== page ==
There are two cases of elastic stretching: springs and rubber.

When you streach a spring or a piece of rubber both absorb some energy as Entropy (S) and some as plain energy (U)

$$\displaystyle{ F_i = T \frac{\partial S}{\partial q^i}} - \frac{\partial U}{\partial q^i} $$ "The force of a rubber band or stretched spring has an entropic part (the first term) and an energetic part (the second term). The entropic part is proportional to temperature, so it gets bigger when it’s hot. The energetic part doesn’t change....

Energetic forces are familiar from classical statics: for example, a rock pushes down on the table because its energy would decrease if it could go down. Entropic forces enter the game when we generalize to thermal statics, as we’re doing now. But when we set T = 0, these entropic forces go away and we’re back to classical statics!"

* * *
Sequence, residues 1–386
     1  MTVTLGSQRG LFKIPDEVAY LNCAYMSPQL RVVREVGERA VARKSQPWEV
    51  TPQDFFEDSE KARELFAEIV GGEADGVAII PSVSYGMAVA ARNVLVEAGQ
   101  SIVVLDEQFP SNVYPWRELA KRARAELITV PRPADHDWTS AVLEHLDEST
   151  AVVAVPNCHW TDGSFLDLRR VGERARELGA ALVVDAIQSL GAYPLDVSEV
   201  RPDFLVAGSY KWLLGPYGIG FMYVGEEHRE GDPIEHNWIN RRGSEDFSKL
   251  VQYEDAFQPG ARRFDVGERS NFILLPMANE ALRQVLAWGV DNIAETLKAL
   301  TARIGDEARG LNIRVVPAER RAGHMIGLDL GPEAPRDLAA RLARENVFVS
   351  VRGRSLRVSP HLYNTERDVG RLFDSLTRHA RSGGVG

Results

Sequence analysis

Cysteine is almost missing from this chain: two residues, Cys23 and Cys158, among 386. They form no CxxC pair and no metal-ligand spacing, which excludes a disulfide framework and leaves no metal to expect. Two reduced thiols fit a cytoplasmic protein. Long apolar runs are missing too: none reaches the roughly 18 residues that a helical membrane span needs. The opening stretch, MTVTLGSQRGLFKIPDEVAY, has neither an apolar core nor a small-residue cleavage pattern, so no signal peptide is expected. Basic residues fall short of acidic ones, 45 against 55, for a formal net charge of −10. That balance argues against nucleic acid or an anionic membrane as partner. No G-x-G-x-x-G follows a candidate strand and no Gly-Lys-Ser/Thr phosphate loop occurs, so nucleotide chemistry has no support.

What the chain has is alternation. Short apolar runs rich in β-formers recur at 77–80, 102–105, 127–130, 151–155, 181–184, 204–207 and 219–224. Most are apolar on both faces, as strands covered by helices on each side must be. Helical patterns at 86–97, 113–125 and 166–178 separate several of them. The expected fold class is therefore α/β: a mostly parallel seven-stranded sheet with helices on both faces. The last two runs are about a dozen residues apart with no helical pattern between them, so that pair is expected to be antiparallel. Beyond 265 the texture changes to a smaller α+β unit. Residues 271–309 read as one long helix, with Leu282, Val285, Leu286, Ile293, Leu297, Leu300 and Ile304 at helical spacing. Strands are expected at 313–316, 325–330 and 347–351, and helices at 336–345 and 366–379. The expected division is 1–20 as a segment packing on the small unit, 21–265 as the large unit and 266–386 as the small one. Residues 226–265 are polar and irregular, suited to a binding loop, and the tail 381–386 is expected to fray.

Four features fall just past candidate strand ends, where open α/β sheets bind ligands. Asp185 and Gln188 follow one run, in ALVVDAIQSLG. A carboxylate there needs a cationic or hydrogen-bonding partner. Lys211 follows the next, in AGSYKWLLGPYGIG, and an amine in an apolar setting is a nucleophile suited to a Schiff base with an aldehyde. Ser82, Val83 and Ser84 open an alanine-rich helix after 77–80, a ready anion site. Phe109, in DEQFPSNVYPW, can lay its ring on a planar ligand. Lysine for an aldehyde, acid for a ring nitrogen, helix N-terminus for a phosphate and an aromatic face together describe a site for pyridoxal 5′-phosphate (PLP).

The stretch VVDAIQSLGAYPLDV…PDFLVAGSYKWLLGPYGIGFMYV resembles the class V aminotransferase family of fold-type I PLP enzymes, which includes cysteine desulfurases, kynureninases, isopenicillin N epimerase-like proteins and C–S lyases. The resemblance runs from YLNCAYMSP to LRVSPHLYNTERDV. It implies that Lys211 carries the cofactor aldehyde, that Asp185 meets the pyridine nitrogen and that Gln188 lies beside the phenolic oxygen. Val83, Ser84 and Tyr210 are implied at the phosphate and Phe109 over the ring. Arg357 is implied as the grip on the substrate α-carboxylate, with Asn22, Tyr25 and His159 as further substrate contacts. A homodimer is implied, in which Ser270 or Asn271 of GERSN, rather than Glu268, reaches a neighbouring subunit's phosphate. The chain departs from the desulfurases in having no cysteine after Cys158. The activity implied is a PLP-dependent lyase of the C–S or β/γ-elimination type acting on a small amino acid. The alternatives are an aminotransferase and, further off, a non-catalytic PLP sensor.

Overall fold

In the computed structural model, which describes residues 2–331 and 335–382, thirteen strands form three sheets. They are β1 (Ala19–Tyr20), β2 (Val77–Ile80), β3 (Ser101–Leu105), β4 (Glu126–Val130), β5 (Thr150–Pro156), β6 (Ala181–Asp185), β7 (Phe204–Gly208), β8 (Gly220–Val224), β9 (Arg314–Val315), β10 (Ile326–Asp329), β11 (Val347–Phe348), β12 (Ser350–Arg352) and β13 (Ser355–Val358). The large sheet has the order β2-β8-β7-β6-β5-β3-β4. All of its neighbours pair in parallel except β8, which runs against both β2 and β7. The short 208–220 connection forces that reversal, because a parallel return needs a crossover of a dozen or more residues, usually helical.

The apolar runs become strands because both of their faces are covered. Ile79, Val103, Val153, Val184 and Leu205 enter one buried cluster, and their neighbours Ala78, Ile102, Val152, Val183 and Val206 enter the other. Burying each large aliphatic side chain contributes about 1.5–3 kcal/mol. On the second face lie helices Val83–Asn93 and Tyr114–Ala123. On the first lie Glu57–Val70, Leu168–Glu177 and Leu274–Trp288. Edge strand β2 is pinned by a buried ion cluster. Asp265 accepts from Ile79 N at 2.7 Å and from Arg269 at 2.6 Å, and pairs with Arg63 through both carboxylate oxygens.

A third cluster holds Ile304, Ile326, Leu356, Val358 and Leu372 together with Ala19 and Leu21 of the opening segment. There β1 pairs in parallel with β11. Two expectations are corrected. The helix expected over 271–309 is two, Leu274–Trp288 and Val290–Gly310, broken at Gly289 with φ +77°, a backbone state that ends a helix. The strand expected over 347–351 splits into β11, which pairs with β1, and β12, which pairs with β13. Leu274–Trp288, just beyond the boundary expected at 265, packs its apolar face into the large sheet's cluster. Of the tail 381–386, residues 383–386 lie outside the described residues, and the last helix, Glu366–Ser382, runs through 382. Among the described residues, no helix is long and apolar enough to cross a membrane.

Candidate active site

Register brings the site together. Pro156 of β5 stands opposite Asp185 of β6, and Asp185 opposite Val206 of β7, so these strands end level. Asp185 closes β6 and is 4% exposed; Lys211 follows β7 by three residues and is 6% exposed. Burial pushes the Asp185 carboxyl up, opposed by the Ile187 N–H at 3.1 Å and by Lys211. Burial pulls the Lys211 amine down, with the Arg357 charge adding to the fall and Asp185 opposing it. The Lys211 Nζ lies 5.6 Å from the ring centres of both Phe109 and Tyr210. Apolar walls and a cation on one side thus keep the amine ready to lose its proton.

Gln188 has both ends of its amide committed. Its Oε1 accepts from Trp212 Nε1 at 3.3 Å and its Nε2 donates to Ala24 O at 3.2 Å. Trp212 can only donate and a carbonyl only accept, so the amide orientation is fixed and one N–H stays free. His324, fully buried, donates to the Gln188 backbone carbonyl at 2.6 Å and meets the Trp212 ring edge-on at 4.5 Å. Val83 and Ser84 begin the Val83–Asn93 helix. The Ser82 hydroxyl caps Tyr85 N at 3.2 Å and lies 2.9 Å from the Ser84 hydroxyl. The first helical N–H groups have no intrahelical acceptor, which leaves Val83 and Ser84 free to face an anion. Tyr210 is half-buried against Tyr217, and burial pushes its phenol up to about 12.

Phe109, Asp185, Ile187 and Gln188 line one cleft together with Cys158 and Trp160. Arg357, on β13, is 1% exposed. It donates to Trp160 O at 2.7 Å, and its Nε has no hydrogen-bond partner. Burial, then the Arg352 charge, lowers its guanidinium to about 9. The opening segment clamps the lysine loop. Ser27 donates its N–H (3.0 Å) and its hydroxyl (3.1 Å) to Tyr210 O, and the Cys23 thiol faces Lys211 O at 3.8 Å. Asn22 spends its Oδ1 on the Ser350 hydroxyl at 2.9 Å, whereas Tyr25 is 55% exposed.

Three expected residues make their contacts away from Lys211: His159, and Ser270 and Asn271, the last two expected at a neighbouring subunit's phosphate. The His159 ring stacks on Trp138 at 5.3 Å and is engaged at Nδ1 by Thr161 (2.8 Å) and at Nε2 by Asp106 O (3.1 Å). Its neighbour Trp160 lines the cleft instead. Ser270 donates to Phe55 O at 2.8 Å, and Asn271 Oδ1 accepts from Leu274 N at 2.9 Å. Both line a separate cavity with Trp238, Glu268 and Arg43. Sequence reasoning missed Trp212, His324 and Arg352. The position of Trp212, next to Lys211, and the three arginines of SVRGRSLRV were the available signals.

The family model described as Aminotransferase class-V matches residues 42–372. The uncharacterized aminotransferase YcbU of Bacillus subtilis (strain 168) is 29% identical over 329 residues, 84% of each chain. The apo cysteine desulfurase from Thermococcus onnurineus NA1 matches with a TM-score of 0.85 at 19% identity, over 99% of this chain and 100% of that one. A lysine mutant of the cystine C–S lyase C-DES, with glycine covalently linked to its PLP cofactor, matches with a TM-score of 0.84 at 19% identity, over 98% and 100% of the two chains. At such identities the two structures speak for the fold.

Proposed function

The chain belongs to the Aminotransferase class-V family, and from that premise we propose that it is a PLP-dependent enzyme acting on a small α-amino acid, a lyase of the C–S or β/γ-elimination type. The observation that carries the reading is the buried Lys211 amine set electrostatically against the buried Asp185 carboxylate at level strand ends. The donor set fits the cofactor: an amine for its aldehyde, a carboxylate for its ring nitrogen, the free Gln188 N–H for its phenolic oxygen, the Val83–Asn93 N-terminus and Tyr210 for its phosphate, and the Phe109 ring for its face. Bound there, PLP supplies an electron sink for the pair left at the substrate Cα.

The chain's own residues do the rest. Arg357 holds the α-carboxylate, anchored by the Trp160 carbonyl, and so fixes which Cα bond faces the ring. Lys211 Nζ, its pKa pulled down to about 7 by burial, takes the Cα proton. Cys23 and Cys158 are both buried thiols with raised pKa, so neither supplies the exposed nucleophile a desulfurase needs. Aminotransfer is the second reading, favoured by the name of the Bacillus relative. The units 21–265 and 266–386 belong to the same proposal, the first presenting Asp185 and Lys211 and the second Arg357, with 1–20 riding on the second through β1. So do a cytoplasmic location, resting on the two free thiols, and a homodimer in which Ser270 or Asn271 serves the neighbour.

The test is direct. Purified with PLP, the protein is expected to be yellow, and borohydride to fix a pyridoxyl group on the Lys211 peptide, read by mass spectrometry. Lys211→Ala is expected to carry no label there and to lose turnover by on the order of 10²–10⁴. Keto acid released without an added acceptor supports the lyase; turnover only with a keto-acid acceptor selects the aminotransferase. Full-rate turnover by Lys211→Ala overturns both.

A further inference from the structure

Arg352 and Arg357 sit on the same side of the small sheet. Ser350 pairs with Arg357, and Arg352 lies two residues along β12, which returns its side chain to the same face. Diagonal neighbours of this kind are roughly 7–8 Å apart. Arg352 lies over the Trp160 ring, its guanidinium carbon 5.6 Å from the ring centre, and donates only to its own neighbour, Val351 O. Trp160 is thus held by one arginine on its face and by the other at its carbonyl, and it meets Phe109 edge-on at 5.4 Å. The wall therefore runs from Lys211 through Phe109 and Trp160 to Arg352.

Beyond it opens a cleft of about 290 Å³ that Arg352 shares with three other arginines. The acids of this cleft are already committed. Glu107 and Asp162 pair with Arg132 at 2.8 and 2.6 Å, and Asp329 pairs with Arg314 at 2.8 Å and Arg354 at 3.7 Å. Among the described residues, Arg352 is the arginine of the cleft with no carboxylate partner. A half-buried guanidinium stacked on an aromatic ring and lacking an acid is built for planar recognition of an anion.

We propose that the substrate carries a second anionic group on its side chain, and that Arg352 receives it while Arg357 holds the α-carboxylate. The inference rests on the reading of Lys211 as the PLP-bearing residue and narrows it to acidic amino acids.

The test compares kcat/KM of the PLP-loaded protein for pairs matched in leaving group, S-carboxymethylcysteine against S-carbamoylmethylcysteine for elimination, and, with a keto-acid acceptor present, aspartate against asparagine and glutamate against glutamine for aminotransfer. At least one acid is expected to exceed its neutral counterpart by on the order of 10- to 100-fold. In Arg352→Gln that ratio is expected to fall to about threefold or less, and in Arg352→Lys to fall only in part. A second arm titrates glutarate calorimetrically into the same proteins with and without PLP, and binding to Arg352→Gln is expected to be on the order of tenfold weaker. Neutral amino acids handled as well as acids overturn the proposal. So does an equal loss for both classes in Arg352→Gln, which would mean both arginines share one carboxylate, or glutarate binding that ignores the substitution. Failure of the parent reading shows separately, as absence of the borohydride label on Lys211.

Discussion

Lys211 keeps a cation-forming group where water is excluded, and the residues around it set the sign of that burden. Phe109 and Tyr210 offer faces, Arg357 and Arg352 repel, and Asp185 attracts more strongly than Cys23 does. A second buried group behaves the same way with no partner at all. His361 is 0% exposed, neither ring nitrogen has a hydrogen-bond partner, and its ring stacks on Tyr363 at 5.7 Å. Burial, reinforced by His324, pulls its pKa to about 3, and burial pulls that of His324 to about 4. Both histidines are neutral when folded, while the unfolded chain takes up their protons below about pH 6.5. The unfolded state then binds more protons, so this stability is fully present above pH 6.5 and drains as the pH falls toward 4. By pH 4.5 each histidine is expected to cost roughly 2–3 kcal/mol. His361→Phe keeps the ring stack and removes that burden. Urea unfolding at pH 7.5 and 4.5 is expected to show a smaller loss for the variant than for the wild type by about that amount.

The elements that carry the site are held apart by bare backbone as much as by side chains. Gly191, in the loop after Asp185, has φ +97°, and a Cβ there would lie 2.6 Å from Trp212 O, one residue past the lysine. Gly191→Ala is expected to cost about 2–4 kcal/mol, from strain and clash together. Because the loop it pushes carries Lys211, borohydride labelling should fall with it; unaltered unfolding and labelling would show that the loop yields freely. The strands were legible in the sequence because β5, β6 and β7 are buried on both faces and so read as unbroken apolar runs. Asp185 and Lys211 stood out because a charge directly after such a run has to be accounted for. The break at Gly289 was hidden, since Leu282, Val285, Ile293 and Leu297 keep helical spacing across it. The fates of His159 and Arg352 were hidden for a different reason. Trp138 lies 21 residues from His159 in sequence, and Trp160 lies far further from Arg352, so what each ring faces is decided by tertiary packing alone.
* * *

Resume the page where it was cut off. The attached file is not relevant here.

Is there a difference between rubber and metal springs from a thermodynamic analysis of the ratio between energetic and en-tropic energy storage? if so, what is the difference?

  • $\begingroup$ The elastic nature of springs has nothing to do with entropy. $\endgroup$ – lemon Oct 13 '14 at 16:16
  • $\begingroup$ Everything has something to do with entropy, including typing this comment. $\endgroup$ – t.c Oct 13 '14 at 16:33
  • $\begingroup$ In the rubber you have entangled polymer chains that in the unstressed state can be viewed as a random walk. Stretching the material starts aligning the chains, which reduces their entropy. This is also the reason why rubber has a negative coefficient of expansion. Steel springs do not exhibit a similar physical phenomena (although one could argue for creep or fatigue mechanisms I guess). So, yes, there are substantial differences in the entropic factors. $\endgroup$ – Jon Custer Oct 13 '14 at 16:56

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